Course production workflow

The escalator workflow

I’m comfortable using the escalator metaphor to picture the e-learning course production journey. From planning to evaluation, this moving stairway moves a course development team from start to finish between floors using a gentle set of hydraulic steps. I’m the handrail, keeping the team riding safely riding along their vertical journey. Descent is assured and my job is to make sure that all can step on and off the escalator when prompted.

Escalator course production

As the elearning escalator descends, the development team passes through a sequence of different stages, each a discrete part of a project.

Sometimes the stairs get busy, during peak commuter time, and the journey downwards on the escalator is a little more frantic, with crowds before and behind creating extra momentum. Usually, as the last few steps flatten out, the pace of the course riders hasten we finish off .

The escalator approach to course development had elearning is comfortable.  It works well when the authoring team is large, has lots of courses to produce and cannot always  move easily from stage to stage (or floor to floor).BUT

  • The phases that you pass through are fixed and you can only work as fast as your escalator travels
  • The quality of the ride can only be assessed at the end
  • Opportunities to run back up the down escalator are reduced the further you are away from the top.

Escalators are steady, but can’t go much quicker. Once they are moving with people on them, it becomes tricky to stop. If you want to return to the top, then a great deal of energy is necessary to return to the positioned where you started.

If a course development manager is interested in a faster and more efficient workflow, then maybe the escalator metaphor with a set of sequential stages might not be the most suitable way to picture the course development process.

River rafting workflow

Perhaps an alternate way of looking at the course development process is as a river rafting team navigating a set of rapids river. I like boating. Along a quiet stretch of water. The river becomes interesting when there are rocks in the riverbed and when this is combined with the degree of vertical drop.

The ability to navigate a crew through the safest or most challenging channels in a river depends on a guide’s skill. Shooting the rapids is risky, but possible when the rafter can  “read” the water, see what the river is doing and select a suitable route. The guides job is not to “memorize” a rapid, but to analyze its currents and features. Once a river has been navigated the guide becomes more skilled in reading the water quickly, competently, and accurately. A way finding pattern is established and once repeatedly tried and tested, the guide knows the way.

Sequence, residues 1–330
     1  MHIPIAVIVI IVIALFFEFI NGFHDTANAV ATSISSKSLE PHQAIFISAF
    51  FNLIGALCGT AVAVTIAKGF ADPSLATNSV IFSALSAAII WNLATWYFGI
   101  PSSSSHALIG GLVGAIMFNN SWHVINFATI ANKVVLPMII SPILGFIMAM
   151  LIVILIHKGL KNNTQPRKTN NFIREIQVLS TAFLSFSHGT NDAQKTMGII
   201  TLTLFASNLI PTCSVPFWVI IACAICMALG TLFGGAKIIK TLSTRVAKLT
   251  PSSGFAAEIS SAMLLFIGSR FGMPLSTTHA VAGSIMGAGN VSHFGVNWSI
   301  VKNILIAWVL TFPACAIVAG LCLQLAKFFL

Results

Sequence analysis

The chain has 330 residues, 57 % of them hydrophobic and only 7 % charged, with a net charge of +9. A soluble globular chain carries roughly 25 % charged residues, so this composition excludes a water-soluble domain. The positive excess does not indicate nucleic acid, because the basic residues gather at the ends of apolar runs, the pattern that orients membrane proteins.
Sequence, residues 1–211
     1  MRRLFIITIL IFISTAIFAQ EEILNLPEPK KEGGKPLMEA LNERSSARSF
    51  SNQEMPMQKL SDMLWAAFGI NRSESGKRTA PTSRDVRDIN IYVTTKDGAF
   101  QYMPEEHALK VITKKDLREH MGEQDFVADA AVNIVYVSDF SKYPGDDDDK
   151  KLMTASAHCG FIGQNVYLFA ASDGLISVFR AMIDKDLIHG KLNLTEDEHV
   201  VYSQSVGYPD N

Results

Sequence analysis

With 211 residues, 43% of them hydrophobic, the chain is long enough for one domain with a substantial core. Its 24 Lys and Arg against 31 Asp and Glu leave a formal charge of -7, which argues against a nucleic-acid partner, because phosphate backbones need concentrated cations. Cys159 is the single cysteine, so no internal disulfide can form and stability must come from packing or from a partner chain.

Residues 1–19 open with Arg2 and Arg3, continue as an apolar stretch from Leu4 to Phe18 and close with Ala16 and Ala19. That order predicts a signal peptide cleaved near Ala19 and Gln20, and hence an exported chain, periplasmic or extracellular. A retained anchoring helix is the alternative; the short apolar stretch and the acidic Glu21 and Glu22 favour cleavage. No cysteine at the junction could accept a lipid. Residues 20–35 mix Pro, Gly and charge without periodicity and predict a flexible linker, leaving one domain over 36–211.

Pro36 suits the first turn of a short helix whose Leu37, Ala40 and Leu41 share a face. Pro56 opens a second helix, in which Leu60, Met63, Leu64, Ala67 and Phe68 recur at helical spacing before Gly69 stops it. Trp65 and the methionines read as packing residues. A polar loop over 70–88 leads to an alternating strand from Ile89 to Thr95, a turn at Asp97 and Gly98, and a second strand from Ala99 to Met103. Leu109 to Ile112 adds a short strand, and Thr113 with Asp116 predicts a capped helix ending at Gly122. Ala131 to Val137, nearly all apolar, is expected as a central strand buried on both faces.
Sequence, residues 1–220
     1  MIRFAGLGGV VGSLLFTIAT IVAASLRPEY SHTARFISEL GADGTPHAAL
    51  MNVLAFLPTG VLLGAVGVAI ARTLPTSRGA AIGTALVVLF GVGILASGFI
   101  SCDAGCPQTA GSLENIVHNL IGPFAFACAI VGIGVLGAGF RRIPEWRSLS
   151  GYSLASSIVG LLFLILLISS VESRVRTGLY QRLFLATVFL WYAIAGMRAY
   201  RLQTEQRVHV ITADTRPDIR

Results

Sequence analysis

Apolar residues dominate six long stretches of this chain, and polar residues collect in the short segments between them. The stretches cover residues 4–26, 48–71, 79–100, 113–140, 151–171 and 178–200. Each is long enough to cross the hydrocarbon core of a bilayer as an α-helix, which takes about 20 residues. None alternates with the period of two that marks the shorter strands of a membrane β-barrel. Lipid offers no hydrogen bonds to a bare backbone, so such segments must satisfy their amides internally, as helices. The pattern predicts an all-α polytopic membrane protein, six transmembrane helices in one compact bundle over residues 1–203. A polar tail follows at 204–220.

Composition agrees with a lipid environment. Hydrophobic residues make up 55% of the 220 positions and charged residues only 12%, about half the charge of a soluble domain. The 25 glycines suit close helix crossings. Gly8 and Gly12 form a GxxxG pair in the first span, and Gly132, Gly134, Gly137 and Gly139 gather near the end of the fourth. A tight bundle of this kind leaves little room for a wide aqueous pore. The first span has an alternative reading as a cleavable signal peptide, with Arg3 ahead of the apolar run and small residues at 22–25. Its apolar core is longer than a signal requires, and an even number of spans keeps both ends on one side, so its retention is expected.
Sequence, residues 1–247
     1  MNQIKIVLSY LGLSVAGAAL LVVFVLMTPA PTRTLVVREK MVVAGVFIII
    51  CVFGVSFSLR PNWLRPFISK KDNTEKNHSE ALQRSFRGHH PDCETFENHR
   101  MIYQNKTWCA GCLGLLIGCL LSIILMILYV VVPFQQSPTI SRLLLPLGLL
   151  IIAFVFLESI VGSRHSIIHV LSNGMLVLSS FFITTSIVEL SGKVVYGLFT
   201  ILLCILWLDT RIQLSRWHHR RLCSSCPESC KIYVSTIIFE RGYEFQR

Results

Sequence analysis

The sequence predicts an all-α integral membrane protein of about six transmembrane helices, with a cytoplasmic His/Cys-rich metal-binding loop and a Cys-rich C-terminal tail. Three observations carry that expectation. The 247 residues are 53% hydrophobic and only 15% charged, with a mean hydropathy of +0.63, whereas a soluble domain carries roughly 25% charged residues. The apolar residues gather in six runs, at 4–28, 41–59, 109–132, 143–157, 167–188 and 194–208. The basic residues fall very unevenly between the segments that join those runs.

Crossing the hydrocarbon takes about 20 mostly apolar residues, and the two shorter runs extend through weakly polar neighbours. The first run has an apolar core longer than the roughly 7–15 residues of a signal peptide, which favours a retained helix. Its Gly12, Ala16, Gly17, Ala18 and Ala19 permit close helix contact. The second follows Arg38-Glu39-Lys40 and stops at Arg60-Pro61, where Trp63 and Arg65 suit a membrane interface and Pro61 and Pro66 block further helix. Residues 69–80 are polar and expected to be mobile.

The same applies to course production. A course production manager who knows the organisational goals and target audience can “read” the waters. Navigating the waters depends on how hard it is to avoid obstacles. In river rafting these obstacles might be water volume, turbulence, waves , width of runnable channels, etc. Equivalent factors exist in course production.

In course development, patterns can be used to navigate the different stages of course production. Repeated patterns become a shell or templates and collected.  These collected patterns, shells and templates can be customized and re-used in multiple courses.

River rafting course production approach allows for

  • Continuous or parallel activities
  • Quality improvements (the QA team become involved earlier)
  • More engagement around development and implementation because this exciting phase relegated to the second half of a project
  • Quicker feedback is possible because the course is live sooner
  • Budgets are kept in check because it’s possible to make changes without incurring great costs

The adoption of a river rafting course production workflow can have significant (expected and unexpected) impacts on course delivery. Using such a workflow should allow an experienced course production manager and his/her crew, sufficient time to accomplish their task.

This work is licensed under a Creative Commons Attribution 4.0 International License.

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